“So what is it about” I asked.
“Mum, you wouldn’t understand,” was all they said.
“Understand what? Explain to me.” I pleaded with them. “Help me to understand.” But they couldn’t explain anything, so the drama continued.’
Mama Ray hissed. ‘I understand perfectly well. There was a will, but no legacy.’ She wiped the tear that slid down her cheek with the edge of her wrapper. ’Our family life had all but ended. Those two who came out of this same womb were now at each other’s throats. I tried to remind my sons that they are blood brothers. Then Rex did the unthinkable. He pointed at Ray and said. “He is no brother of mine.”
Ray responded that over his dead body would Rex lay a hand on any of the items in his house. When my sons started swearing and making those dangerous statements, I knew I had to step in and make a judgment call.’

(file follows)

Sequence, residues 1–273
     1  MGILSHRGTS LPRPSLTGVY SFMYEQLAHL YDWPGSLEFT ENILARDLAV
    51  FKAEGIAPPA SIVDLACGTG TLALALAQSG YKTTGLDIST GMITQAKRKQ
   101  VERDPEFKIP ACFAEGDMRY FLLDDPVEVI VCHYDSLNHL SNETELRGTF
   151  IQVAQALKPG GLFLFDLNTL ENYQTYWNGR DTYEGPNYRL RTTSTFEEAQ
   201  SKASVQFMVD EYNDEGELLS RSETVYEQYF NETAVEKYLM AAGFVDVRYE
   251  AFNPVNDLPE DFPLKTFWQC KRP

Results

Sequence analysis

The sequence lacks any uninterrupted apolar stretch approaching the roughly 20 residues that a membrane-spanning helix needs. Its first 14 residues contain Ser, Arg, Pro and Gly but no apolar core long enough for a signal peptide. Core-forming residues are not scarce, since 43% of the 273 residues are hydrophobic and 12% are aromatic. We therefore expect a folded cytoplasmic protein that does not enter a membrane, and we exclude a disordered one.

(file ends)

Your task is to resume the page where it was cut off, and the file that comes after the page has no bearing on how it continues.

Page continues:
Mama Ray tearfully related what she did the morning that followed. The boys had gone out, she was not sure where. Standing on the balcony, she called out to the mai-guard who sat leisurely on his bench with his radio close to one ear, and asked if he would like some new clothes. Barely waiting for his enthusiastic reply in the affirmative, she hurried back indoors. Inside the master bedroom, she opened what used to be her husband’s wardrobe. With its assortment of native and corporate attires, as well as a breathtaking range of accessories, the enclosed space could easily be valued at several millions of naira. She yanked a handful of clothes off their hangers, rushed back to the balcony and hurled them down. The mai-guard was still sorting through the first batch by the time she went in and returned to dispose of the second. He appeared stunned by this unexpected gift splash as he handpicked the clothes one after the other. He wasn’t moving fast enough for Mama Ray and she scolded him for being too slow. The wardrobe needed to be emptied before her sons returned. If they came home to find her doing this, they would try to stop her and she did not want to be stopped.
‘Call your friends to join you,’ she urged the mai-guard. ‘Get those things out of my sight before I come down there and burn them!’